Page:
Legislature(2017 - 2018)BARNES 124
01/27/2017 01:00 PM RESOURCES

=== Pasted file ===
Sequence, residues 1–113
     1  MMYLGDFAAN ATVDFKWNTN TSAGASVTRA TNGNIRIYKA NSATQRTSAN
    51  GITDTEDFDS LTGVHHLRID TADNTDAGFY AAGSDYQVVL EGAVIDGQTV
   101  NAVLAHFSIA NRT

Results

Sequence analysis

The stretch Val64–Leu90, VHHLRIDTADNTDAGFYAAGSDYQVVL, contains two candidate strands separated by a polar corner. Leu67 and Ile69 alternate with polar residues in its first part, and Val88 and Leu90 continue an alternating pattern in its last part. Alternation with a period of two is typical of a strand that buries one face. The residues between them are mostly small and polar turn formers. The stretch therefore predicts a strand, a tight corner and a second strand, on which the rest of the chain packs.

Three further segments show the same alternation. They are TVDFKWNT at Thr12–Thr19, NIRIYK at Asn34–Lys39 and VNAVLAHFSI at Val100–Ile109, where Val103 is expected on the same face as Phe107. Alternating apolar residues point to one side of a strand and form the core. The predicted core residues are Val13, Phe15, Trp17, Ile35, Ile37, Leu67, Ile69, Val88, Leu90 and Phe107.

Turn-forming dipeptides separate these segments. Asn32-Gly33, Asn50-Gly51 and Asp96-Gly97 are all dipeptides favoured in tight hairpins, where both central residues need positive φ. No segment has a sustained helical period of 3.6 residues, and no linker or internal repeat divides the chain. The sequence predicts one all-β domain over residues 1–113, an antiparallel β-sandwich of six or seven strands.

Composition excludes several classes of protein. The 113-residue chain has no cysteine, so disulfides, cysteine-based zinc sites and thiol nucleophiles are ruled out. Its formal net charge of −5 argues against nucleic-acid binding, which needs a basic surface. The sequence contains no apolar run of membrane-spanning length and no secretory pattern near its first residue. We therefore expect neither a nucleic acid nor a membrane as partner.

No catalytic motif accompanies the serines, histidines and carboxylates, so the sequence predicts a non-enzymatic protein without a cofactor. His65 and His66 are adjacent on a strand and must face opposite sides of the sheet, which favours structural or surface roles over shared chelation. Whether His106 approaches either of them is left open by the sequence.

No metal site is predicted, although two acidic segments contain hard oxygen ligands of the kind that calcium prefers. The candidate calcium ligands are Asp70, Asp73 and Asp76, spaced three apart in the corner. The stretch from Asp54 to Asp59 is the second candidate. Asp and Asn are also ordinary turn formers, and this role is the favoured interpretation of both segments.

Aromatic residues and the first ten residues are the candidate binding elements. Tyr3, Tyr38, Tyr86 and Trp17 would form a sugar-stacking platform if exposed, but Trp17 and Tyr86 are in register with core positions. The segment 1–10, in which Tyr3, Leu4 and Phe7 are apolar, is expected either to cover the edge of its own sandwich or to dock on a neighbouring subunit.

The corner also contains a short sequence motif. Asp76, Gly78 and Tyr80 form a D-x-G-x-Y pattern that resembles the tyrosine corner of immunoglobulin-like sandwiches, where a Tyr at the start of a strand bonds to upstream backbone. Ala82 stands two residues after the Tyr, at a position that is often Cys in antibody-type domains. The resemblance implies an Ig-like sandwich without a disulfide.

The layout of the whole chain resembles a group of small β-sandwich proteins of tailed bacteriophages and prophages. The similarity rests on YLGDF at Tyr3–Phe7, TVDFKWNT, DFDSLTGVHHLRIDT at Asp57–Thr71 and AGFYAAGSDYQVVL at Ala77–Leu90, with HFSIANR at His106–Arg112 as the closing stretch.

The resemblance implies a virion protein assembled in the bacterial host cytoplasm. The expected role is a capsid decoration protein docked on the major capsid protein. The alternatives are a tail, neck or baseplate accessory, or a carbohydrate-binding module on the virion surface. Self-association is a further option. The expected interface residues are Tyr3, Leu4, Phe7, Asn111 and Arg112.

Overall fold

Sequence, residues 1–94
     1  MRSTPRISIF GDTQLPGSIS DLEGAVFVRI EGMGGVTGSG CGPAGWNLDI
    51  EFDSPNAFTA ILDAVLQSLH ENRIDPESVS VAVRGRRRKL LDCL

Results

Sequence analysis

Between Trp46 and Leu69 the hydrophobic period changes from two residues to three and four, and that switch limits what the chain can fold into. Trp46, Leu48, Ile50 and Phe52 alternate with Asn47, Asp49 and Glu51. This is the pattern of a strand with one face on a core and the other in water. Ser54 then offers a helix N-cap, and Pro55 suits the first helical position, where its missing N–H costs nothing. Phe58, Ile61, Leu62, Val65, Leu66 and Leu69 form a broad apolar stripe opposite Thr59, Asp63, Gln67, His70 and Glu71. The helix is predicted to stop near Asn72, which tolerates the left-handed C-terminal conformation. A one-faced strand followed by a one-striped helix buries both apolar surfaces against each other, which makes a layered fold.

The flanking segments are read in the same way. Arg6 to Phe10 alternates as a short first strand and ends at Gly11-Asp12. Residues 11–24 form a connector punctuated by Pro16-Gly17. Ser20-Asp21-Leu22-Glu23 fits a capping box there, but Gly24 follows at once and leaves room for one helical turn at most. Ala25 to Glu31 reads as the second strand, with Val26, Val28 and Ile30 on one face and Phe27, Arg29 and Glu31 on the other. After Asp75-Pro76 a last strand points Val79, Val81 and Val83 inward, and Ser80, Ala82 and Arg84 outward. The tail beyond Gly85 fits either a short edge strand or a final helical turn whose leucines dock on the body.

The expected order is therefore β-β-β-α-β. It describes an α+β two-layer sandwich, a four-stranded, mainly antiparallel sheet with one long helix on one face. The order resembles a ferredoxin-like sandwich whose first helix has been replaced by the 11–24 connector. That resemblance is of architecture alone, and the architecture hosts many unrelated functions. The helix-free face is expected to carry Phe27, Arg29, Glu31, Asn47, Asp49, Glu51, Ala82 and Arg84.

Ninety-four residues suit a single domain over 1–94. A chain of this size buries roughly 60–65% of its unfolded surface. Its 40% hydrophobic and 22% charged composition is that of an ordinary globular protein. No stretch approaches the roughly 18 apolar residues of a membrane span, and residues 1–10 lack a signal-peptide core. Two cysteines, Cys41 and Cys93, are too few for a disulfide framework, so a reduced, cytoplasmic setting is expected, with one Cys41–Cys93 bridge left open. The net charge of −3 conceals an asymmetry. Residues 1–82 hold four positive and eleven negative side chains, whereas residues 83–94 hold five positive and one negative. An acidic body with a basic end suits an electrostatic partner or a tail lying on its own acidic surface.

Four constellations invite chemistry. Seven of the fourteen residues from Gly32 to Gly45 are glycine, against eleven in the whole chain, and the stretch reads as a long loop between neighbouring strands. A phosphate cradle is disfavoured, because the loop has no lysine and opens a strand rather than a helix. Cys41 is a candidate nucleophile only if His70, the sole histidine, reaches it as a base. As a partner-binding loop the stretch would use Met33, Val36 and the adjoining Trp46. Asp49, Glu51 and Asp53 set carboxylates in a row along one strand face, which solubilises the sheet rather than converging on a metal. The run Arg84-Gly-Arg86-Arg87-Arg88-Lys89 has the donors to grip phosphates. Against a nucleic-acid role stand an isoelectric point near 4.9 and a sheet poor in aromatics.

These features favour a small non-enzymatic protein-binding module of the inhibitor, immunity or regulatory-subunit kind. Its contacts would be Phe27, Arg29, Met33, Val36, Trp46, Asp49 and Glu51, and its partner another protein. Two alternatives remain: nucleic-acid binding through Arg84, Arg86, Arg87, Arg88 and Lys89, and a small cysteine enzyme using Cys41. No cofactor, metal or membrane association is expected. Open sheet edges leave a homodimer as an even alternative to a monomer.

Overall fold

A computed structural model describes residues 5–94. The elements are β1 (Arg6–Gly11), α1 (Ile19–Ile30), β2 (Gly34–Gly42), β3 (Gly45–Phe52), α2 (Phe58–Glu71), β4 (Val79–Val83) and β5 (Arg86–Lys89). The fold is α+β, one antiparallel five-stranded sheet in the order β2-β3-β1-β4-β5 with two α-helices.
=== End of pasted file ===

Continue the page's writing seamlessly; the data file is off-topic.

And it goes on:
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HJR 5-ENDORSING ANWR LEASING; RELATED ISSUES [Contains discussion of HJR 4] 2:16:03 PM CO-CHAIR JOSEPHSON announced that the next order of business would be HOUSE JOINT RESOLUTION NO. 5, Urging the United States Congress to pass legislation to open the coastal plain of the Arctic National Wildlife Refuge to oil and gas development; urging the United States Department of the Interior to recognize the private property rights of owners of land in and adjacent to the Arctic National Wildlife Refuge; relating to oil and gas exploration, development, production, and royalties; and relating to renewable and alternative energy technologies. 2:16:24 PM CO-CHAIR TARR moved to adopt the committee substitute (CS) for HJR (AET), Version 30-LS0314\J. There being no objection, Version J was before the committee. 2:16:53 PM REPRESENTATIVE WESTLAKE, sponsor, informed the committee [CSHJR 5(AET)] is a resolution urging Congress to pass legislation to open the coastal plain of the Arctic National Wildlife Refuge (ANWR) to oil and gas development. Although subsistence activities are the first priority in this region, jobs are also important, and opening ANWR would be beneficial for Alaska and all of the U.S. Alaska would receive 90 percent of the revenue from bonus payments and royalties from ANWR in the future and - at this time - development will create tens of thousands of jobs. Representative Westlake expressed his constituents' belief that development in ANWR can be done in an environmentally-responsible way. 2:18:28 PM JESSE LOGAN, staff, Representative Dean Westlake, Alaska State Legislature, informed the committee the changes in the committee substitute (CS) brought by the House Special Committee on Arctic Policy, Economic Development, and Tourism (AET) provided clarity on resource availability. On page 2, following line 4, a new WHEREAS was inserted as follows: WHEREAS, in 1998, the United States Geological Survey estimated the central North Slope and 1002 study area combined could contain up to 46,000,000,000,000 cubic feet of natural gas; and MR. LOGAN stated further, on page 3, lines 27 and 28, a change was made as follows: Delete: President Barack Obama's recent action to withdraw millions of acres of land in the Arctic from new offshore oil and gas drilling Insert: the executive action MR. LOGAN said the new line on page 4, lines 4 and 5, read: WHEREAS the executive action threatens future development and national energy security; and MR. LOGAN continued, noting the final change beginning on page 2, line 30, and continuing through page 3, line 3, read: WHEREAS, in December 2016, President Barack Obama, through executive action, closed 125,000,000 acres of the Arctic Ocean, a vast majority of the United States Arctic offshore water, from future leasing consideration, thus preventing extraction of an estimated 27,000,000,000 barrels of oil; and WHEREAS the Alaska Congressional delegation decried the executive action; and MR. LOGAN added that the resolution, if passed by the legislature, would signify a unified voice to Congress and the new administration, that the Alaska State Legislature supports opening the coastal plain of ANWR for oil and gas development. The bill is specific to opening the 1002 Area: urges the U.S. Department of the Interior to recognize the private property rights of landowners in and adjacent to ANWR and the efforts the State of Alaska has made in developing and deploying renewable energy statewide. 2:21:16 PM REPRESENTATIVE PARISH directed attention to page 5, lines 2 and 3, which read: the 90 percent of the oil, gas, and mineral royalties from the federal land in the state that was promised to the state at statehood. REPRESENTATIVE PARISH asked where, and in what form, the foregoing promise was made. MR. LOGAN answered that is a reference to the [Alaska Statehood Act, enacted 7/7/58 and effective 1/3/59]. REPRESENTATIVE RAUSCHER directed attention to page 5, line 1, which read in part: ... any attempt to coerce the state into accepting less than REPRESENTATIVE RAUSHER remarked, That doesn't really mean they could do it on their own if they wanted. That doesn't stop them from doing it on their own if they wanted does it, or how does this read out? I guess I don't understand the, the intent of the language and ... what it really means when you actually adopt it. MR. LOGAN explained that the abovementioned [FURTHER] RESOLVED says that the legislature opposes any unilateral reduction and anything done by the administration to reduce the 90 percent as promised at statehood. REPRESENTATIVE PARISH asked: It may be more of a question for [legislative legal services] but ... based on some of our interactions with the federal government in the past, how certain are we that we would ... win in court ... were there an attempt to coerce us into accepting less than the full value we were promised at statehood? REPRESENTATIVE WESTLAKE recalled that the state recently exchanged a huge amount of land in order to get a little [federal] parcel and gain security. REPRESENTATIVE BIRCH expressed his support for the bill. 2:25:04 PM CO-CHAIR JOSEPHSON opened public testimony on CSHJR 5(AET). 2:25:16 PM LIN DAVIS informed the committee she is a 24-year resident of Alaska, a retired state worker, and she strongly supports permanently protecting ANWR. She said there is a misperception that everyone in Alaska supports developing ANWR; however, she prefers no development in the coastal plain or in the 1002 Area. In 2002, she spent time on the Kongakut River in ANWR and in Arctic Village where she heard the mayor speak of the land and the fears of the Gwich'in people for the caribou. Ms. Davis said Americans have a duty to protect the Gwich'in homeland, and opined ANWR should become a [UNESCO] World Heritage Site as one of the last places Native people can live a subsistence lifestyle. It is in the interest of Americans and Alaskans to transition off of fossil fuels. She said the proposed legislation contains "terrific language" about how environmentally conscious the oil companies will be, but she does not trust the promises of oil companies; in fact, oil companies acknowledge the constant risk and lack of technology to clean a major spill. Alaskan engineers and innovators can create sustainable energy, and she urged for the committee to let Alaska show the world how to use sustainable energy instead of fossil fuels. 2:29:53 PM KARLA BROLLIER, Environmental Justice Director, Alaska Wilderness League, informed the committee she is an Ahtna Athabascan who was born and raised in Alaska. She said the Alaska Wilderness League works to preserve the land and the water in Alaska, and she expressed her opposition to the resolution to open ANWR to oil development. Her family is from the Interior and has lived in this land for millennia. Some places, such as ANWR, are too special to drill: development of this land is not worth the price. Ms. Brollier said the land must be protected and preserved for future generations, and expressed her solidarity with the Gwich'in people and their right to continue their way of life. She said she was testifying in opposition to HJR 5 because she believes the resolution is not the answer to Alaska's problems; although oil and gas revenue is important to the state, there is a better way to maintain a strong economy in Alaska. Ms. Broillier urged for the committee to find a new way to find energy, and a sustainable way of life, that does not compromise the land, animals, and a traditional way of life. 2:31:31 PM HALEY JOHNSTON, Wilderness Guide and Operations Manager, Alaska Alpine Adventures, expressed her opposition to HJR 5. She informed the committee ANWR to her represents employment, recreation, and spiritual escape; she has been working and traveling in the refuge and throughout the Brooks Range for the past seven years. From the tundra to the coastal plain, exploring ANWR is a passion for her. The refuge encompasses 19 million acres and along with 3.5 million acres of protected land adjacent in Canada, polar bears, nesting sites, hunting grounds, caribou, wolves, other animals, birds, plants, and cultural sites are protected. Damage to the natural world, even in a small corner of the area, could "send waves of disruption across the whole refuge." Ms. Johnston travels with visitors from around the world who come to the refuge because the refuge is wild, and has an intact ecosystem and wildlife, that may not endure. Tourism creates many jobs for Alaskans, and other industries should not take a back seat to natural resource extraction. As the world moves away from its dependence on oil and gas, over 70 percent of Alaskans worry about the effects of climate change. She urged that the committee not sacrifice one of Alaska's last wild spaces. 2:34:28 PM ANDY MODEROW, State Director, Alaska Wilderness League, characterized HJR 5 as a shortsighted proposal that does not do justice to Alaska's long history, nor build a legacy for future generations. The lands of Alaska have provided for people for thousands of years, and he cautioned against affecting clean air, land, and waters. The transition from Alaska's main commodity has become a necessity, not just because of the impacts of climate change, but because world markets have moved on to something new. Mr. Moderow advised that the state needs to seek long-term strategies and not short-term fixes. He referred to a letter provided to the committee that was signed by 1,245 Alaskans who believe Alaska's economic problems won't be solved by simply drilling. He urged the committee to make a do not pass recommendation of HJR 5. CO-CHAIR JOSEPHSON inquired as to whether the [pending congressional legislation] could pass with the support of 51 U.S. Senators. MR. MODEROW said he did not know. REPRESENTATIVE PARISH asked whether there is a commitment that industry or a stakeholder group could make to "set your minds at ease." MR. MODEROW opined that the Arctic refuge needs to remain untouched. He has heard from those in Arctic Village and from Gwich'in, the story of the land and its history and importance that makes drilling of the refuge an untenable proposition. 2:37:56 PM SUZANNE BOSTROM, staff attorney, Trustees for Alaska, said her public interest environmental law firm was founded 40 years ago and works to protect the Arctic refuge from oil and gas activities. She directed attention to the resolution related to Sections 1002 and 1003 of the Alaska National Interest Lands Conservation Act (ANILCA) [passed in the U.S. Congress on 11/12/80] that read: WHEREAS, in 16 U.S.C. 3143 (sec. 1003 of the Alaska National Interest Lands Conservation Act), the United States Congress reserved the right to permit oil and gas development and production within the coastal plain of the Arctic National Wildlife Refuge; and WHEREAS, in 16 U.S.C. 3142 (sec. 1002 of the Alaska National Interest Lands Conservation Act), the United States Congress authorized nondrilling exploratory activity within the coastal plain of the Arctic National Wildlife Refuge (the "1002 study area"); and MS. BOSTROM said the foregoing language is misleading and legally inaccurate; there is a common misunderstanding that the coastal plain was set aside for future oil and gas development, which is reiterated by the first WHEREAS in the resolution. Congress barred oil and gas development and production on the coastal plain, and Section 1003 prohibits the production of oil and gas in the Arctic refuge, and leasing or other development leading to production of oil and gas. The second WHEREAS statement is also inaccurate; Congress was concerned about impacts to the coastal plain, and it only authorized a time- limited exploration program - which was completed in the 1980s - thus exploration is no longer allowed on the coastal plain. Ms. Bostrom also pointed out that HJR 5 states that development would take place with minimal impacts to the environment; however, the bills proposed in Congress do not achieve these goals, but undercut and eliminate environmental reviews and protections for the Porcupine caribou herd and other "values" in the refuge. She said her organization strongly urged the committee not to adopt the resolution. 2:40:33 PM YOSUHIRO OZURU informed the committee he has been an Anchorage resident for seven years. He questioned the benefit of developing oil and the assumption that oil development brings economic development, happiness, and wellbeing to Alaskans; however, low oil prices are introducing instability to the Alaska economy and he posed the alternative vision that the Alaska economy can be based on more communal (indisc.). 2:41:34 PM LOIS EPSTEIN, Arctic Program Director, The Wilderness Society, informed the committee she is a licensed engineer and has lived in Alaska since 2001. Ms. Epstein said ANWR's coastal plain is a sensitive ecological area; in fact, the coastal plain, also known as the 1002 Area, is the home to polar bears, migratory birds, and the Porcupine caribou head, consisting of 200,000 animals. Arctic conditions are changing with global warming and although the Porcupine caribou herd is now healthy, the Central Arctic caribou herd near Prudhoe Bay is down from 70,000 to 22,000 animals. As an engineer and a member of an Alyeska pipeline advisory committee, she said she is very familiar with the Trans-Alaska Pipeline System (TAPS), and advised that engineering and economic studies have shown that TAPS can operate for another 50 years with known reserves - not including additional oil from ANWR - which further belies the need for oil exploration in the coastal plain [documents not provided]. Furthermore, recent major finds in Nanushuk and in the Greater Mooses Tooth Unit will support TAPS longer. She observed that HJR 5 differs from previous related resolutions in its context: the U. S. Environmental Protection Agency (EPA) may be scaled back. Currently, EPA provides grants to the Department of Environmental Conservation for spill prevention and response; said grants are now in jeopardy, and responding to spills on the North Slope is expensive. Because of the sensitivity of the coastal plain, the lack of need for ANWR oil to maintain TAPS operations, and the Trump Administration's hostility to environmental concerns, she asked the committee not to support HJR 5. Legislators should ensure that House legislative resolutions are an accurate reflection of facts and of legislators' intent. REPRESENTATIVE BIRCH asked whether Ms. Epstein has consulted Alyeska Pipeline Service Company regarding its great concern about the reduction in throughput and the need for increased oil exploration and development to keep pipeline volumes up. MS. EPSTEIN said yes. She advised that from an operational standpoint there are a number of measures to address any diminished quantities [of oil]; in fact, it is not clear that in the next decade there will be less throughput with the new finds. 2:46:25 PM CO-CHAIR JOSEPHSON said he shared Ms. Epstein's concern about the new administration's hostility toward environmental interests. 2:46:48 PM STANLEY EDWIN said he is Gwich'in from the Yukon Flats area and holds Bachelors of Science in Physics and Atmospheric Science, and is a PhD student at the University of Alaska Fairbanks. His is a unique situation in that he also subsists, and thus can see environmental changes when he is hunting and in his research. Mr. Edwin spoke in opposition to [HJR 5 and HJR 4]. There is now a gag order on the National Science Foundation and EPA and "everybody wants to jump into oil development." However, the name Arctic implies sensitivity to any form of development or disturbance in wildlife; for example, everything in the world is linked and nothing stands alone. For future generations, he said he opposes any form of development, and asked the committee to think of the generations of people who have lived off of the land and animals in a very harsh environment. REPRESENTATIVE BIRCH has heard anecdotally that there are more caribou in the proximity of TAPS, and asked whether in the last 40 years there has been a reduction in the caribou population "farther east." MR. EDWIN said he lives further east of ANWR and his relatives and extended family live all over the Interior. He was unsure of the nature of the caribou herd; however, the Arctic is a wildlife refuge to protect everything for future generations. 2:51:09 PM EMMA FUNK said she is a lifelong Alaskan from Fairbanks. She spoke in opposition to HJR 4 and HJR 5 and the opening of ANWR to drilling. The refuge is one of the largest intact ecosystems in the world and is uniquely valuable due to its Arctic biodiversity, including caribou and migratory birds. The coastal plain represents over one million acres of the refuge; the infrastructure required for drilling, such as roads, pipelines, and airstrips, would destroy habitat and interrupt migratory patterns. Further, drilling would contribute to climate change. Preservation of the land is also an issue of Alaska Native cultural heritage and subsistence. Drilling is not a sustainable fix for Alaska's economic problems and would cause irrevocable ecological damage. She urged the committee to vote no and protect ANWR. 2:52:24 PM LACHLAN GILLISPIE said he is a lifelong Alaskan born and raised in Fairbanks. The Arctic National Wildlife Refuge covers nearly 20 million acres of Arctic habitat with 1.2 million acres of the coastal plain at the heart of the refuge. Drilling in the coastal plain will have major adverse effects on biodiversity throughout the refuge. Developing the coastal plain would involve stripping rivers and streambeds of millions of cubic yards of gravel for roads, airstrips, and drill pad construction, and will also include diversions of freshwater and exposure of wetlands to contamination. Further, it would destroy tundra to build infrastructure such as housing and sewer facilities. Studies have shown that drilling in ANWR would impact muskox and caribou populations, taint and reduce water supplies, and place polar bears at risk from oil spills [documents not provided]. In 1989, the Exxon Valdez tanker oil spill [in Prince William Sound on 3/24/89] reduced populations of harbor seals by over 30 percent in the four years following the spill. Mr. Gillespie spoke of the irreplaceable wilderness and cultural heritage of ANWR, and encouraged the committee to oppose HJR 4 and HJR 5. 2:54:20 PM FRAN MAUER stated he has worked as a wildlife biologist in ANWR for 21 years, where he studied wildlife including the Porcupine caribou herd, moose, Dall sheep, and birds of prey. In addition to learning about the wildlife, he saw the land in the context of its value to Alaskans and the world. The caribou have received the most attention, due to impacts that may occur to them from oil development, and that they are crucial to the survival of Gwich'in people in Alaska and Canada. The coastal plain is the most heavily used calving grounds of the Porcupine herd, and impacts to the herd would be far-ranging. The coastal plain is unlike the North Slope tundra near Prudhoe Bay; in the refuge, the mountains leave only a narrow area where females give birth; there are five times as many animals as in the Prudhoe Bay area, yet they depend upon one-fifth as much habitat. Studies have shown that if females are displaced from development areas during calving season there is generally ample habitat at Prudhoe Bay, but in the refuge, if caribou are displaced they will be pushed to areas of higher predation mortality near the mountains leading to a decline of the herd [documents not provided]. Other wildlife would be adversely affected. Mr. Mauer said ANWR is an immensely valuable place and urged the committee to oppose [HJR 5]. 2:56:46 PM BERNADETTE DEMIENTIEFF, Executive Director, Gwich'in Steering Committee, stated she is Gwichyaa Gwich'in from Fort Yukon and as the executive director of the Gwich'in Steering Committee, represents 8,000 people who depend upon the Porcupine caribou herd and who have a spiritual and cultural connection to them. She said she is speaking for all children because parents and grandparents don't want their children to struggle to survive because we failed to protect our land and animals. It is our responsibility to leave a healthy place for our children to live, and it is the responsibility of legislators to take care of not only the people, but of the land and animals. On behalf of her people, she asked the committee to protect the heart of Alaska, the Porcupine caribou herd, and the Gwich'in way of life, and oppose [HJR] 4 and [HJR] 5. REPRESENTATIVE BIRCH suggested that witnesses submit written testimony to the committee to aid in his research. CO-CHAIR JOSEPHSON supplied email addresses for the co-chairs. CO-CHAIR TARR noted email testimony to the committee is available online. [HJR 5 was held over with public testimony left open.]